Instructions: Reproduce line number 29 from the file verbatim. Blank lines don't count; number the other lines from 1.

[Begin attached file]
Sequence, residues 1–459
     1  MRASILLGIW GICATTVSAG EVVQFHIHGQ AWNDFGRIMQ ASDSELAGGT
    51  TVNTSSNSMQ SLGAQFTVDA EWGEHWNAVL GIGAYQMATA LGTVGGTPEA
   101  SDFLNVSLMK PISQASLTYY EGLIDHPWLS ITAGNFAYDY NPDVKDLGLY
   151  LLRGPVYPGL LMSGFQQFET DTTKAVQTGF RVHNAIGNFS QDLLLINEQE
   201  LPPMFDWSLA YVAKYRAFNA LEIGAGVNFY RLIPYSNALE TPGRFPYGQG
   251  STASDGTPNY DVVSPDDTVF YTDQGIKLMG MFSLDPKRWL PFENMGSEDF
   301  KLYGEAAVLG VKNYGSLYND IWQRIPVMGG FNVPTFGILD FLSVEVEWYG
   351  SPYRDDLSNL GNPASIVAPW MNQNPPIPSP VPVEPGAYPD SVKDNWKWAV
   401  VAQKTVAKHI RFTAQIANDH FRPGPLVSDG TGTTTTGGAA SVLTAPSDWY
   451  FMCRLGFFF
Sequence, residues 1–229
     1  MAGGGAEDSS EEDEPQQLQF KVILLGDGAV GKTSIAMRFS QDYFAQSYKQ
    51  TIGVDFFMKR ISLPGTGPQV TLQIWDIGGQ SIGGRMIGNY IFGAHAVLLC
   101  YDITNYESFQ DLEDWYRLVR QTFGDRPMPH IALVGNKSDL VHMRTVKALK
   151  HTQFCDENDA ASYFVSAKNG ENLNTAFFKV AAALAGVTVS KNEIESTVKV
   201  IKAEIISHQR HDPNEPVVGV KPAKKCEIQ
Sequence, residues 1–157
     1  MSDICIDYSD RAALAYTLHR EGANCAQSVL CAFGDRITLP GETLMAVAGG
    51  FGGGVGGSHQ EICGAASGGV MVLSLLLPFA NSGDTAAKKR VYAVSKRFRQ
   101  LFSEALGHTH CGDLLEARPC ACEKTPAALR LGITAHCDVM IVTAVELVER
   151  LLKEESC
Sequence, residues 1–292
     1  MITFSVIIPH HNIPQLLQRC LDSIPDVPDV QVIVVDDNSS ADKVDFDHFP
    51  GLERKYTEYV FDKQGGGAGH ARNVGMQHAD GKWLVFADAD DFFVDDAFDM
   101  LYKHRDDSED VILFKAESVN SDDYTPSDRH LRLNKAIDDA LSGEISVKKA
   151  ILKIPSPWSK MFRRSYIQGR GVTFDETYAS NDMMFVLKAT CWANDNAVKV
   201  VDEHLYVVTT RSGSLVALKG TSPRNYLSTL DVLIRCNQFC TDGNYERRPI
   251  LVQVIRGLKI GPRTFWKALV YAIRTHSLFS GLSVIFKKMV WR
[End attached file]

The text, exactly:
   251  LVQVIRGLKI GPRTFWKALV YAIRTHSLFS GLSVIFKKMV WR